Abstract: In sea transport having dynamic conditions, for all energy consuming constructions of ships, it is important to ensure effective and efficient use of energy. In this study, the engine performance effect related to cooling process according to changes of sea water temperature was examined based on the exergetic irreversibility. Besides, environmental evaluation were also made depending on exergetic losses considering fuel consumption. In this context, effectiveness of cooling water activity for the main engine, which is 69.39% on its average exergy destruction, were calculated. According this data, the effect rate related to CO2 emission potential considering fuel consumption of the ship were also found as approximately 14 ton CO2. Accordingly, evaluations and suggestions based on the results of the analysis were also given in end of the study
Keywords: Ship; Energy management; pumps; thermodynamics analysis; efficiency.
The Impacts of Window to Wall Ratio and Window Orientation on Building Energy Consumption and CO2 Emissions Under Climate Change
by Mumine Gercek, Ilker Gucu
Abstract: Decisions about the openings of the buildings play crucial role for improvements in recent and future energy and environmental performance characteristics. Therefore, the effects of window to wall ratio and window orientation on building annual heating, cooling energy consumptions and operational CO2 emissions are investigated regarding recent (2018) and future weather conditions (2050s and 2080s) of Izmir. The simulation model of a typical office building is created, and several scenarios are generated, including four facade orientations and different window to wall ratios, simultaneously. Then, the impacts of retrofits in window characteristics on building performance under climate change are examined for Izmir and Ankara. Finally, the results are evaluated in terms of different weather conditions to reach the most efficient opening design alternative. Considering the average life time of buildings, the outcomes of this study can be used as additional data for understanding the relation between transparent surface design and energy, environmental performance of buildings.
Keywords: climate change; office buildings; window to wall ratio; window orientation; energy consumption.
Estimation of Emissions from Crop Residue Burning Using Remote Sensing Data
by Kubra Gulcek Bahsi
Abstract: Nearly one-fourth of the population in Turkey works in the agricultural sector. One common problem in agricultural waste removal is the adverse effects of crop residue burning on public health and environment, after harvest. In this research, a pilot area of 225 km2 in the Southeastern Anatolia Region of Turkey was selected where CRB is common. Sentinel-2 satellite images of the pilot area were obtained and processed in order to monitor the spatial distribution and the total area of the agricultural parcels where crop residues are burned in the field. The analysis was extended to find out the crop-specific emissions from fields burned by identifying crop type for each agricultural parcel. Total emissions of CO2, CO, CH4, NMHC, N2O, NH3, SO2 and NOX from the study area as a result of CRB were calculated based on previously reported emission factors and their implication for air quality and the atmosphere was assessed.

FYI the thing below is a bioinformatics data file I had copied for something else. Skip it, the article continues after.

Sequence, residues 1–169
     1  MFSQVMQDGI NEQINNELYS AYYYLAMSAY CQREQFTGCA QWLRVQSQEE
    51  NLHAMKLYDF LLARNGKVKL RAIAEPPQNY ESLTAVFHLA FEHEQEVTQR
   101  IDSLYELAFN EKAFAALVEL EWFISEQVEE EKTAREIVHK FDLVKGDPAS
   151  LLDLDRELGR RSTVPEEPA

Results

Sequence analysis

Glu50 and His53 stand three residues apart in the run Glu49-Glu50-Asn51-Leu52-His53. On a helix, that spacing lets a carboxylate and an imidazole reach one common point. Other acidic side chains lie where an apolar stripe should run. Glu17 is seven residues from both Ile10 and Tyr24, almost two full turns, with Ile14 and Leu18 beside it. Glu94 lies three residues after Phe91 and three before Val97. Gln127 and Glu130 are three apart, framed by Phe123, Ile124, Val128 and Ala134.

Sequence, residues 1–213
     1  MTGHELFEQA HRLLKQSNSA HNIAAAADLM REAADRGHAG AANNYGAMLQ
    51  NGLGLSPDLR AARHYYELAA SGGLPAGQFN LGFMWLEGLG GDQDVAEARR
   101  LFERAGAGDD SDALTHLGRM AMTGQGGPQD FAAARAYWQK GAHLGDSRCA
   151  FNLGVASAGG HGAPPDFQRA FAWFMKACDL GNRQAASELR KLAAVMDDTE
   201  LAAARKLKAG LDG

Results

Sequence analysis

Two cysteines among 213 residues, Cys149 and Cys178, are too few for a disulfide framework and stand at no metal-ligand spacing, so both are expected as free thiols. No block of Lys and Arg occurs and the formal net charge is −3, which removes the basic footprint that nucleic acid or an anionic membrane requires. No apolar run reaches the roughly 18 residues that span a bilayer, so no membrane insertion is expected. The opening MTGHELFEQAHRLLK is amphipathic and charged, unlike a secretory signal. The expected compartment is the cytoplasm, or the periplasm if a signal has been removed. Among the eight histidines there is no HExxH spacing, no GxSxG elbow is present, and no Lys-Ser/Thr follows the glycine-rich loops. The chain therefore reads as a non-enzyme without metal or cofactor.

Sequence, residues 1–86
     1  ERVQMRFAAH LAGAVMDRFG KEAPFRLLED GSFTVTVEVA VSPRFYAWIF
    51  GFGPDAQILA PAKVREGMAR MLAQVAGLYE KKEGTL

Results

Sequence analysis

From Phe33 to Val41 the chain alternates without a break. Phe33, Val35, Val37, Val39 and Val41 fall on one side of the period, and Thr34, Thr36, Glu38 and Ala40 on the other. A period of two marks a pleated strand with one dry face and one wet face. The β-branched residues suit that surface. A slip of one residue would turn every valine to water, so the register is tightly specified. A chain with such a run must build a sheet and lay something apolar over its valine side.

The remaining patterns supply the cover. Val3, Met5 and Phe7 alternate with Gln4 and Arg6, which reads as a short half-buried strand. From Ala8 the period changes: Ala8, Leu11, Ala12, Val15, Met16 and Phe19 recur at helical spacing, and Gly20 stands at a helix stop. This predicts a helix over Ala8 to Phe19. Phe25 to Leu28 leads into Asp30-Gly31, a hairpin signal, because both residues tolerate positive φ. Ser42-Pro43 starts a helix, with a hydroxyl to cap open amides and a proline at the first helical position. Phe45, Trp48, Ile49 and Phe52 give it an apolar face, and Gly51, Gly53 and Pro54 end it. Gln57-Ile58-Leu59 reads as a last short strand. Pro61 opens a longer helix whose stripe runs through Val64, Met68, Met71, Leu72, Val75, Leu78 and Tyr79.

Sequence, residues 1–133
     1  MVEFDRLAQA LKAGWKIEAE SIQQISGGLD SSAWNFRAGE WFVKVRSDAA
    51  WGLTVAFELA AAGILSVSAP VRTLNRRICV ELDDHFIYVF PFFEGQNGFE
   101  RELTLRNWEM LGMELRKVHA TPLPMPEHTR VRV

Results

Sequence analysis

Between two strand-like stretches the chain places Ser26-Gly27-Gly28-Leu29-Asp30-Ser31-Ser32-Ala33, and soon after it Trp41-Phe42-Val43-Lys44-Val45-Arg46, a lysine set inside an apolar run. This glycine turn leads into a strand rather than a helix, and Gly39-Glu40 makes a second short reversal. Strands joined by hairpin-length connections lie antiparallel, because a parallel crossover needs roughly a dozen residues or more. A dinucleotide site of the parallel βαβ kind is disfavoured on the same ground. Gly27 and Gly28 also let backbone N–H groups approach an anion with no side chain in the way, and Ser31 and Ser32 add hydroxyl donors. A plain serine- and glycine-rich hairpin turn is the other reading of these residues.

Keywords: Crop residue burning; Agriculture; Remote sensing; Air quality.
PHOTODEGRADATION OF OLIVE MILL WASTEWATER WITH SUNLIGHT USING NANO-ZnO-SiO2 COMPOSITE, ITS REUSABILITY AND THE QUALITY OF TREATED WATERPHOTODEGRADATION OF OLIVE MILL WASTEWATER WITH SUNLIGHT USING NANO ZnO-SiO2 COMPOSITE, ITS REUSABILITY AND THE QUALITY OF TREATED WATER
by Çağlar Ulusoy, Delia Sponza
Abstract: In this study, Nano-ZnO-SiO2 was used to treat pollutants from olive mill industry wastewaters by photo-degradation. ZnO is widely used for the treatment of these pollutants due to its cheapness and easily obtainable properties. SiO2 is also easy to produce under laboratory conditions. In this study, the main target was to ascertain the synergetic effects of ZnO and SiO2 in the treatment of OMW due to the properties of these nano particles. The effects of increasing Nano-ZnO-SiO2 concentrations (0.5 g/L, 1 g/L 3 g/L, 5 g/L and 10 g/L), photooxidation times in sunlight (8,16, 24 and 36 hours) and different pHs (4, 7 and 10) were evaluated in the treatment of OMW pollutants. The photocatalytic reactions were performed under sunlight irradiation in summer months. The maximum pollutant removal efficiencies for Chemical Oxygen Demand (COD), total phenol and Total Solids (TS) were 77%, 73% and 64% with a Nano-ZnO-SiO2 concentration of 3 g/L after 24 hours of sunlight irradıation at pH 4. According to reusability studies, it was found that the treated Olive Mill Wastewater (OMW) can be used again after 8th sequential treatments with the 3 g/L Nano-ZnO-SiO2 composite with total COD and total phenol yields as high as 99%. The treated water was evaluated based on irrigation purposes. The total cost to treat 1L l of OMW containing the seven nano composite expenses is 1.95 euro.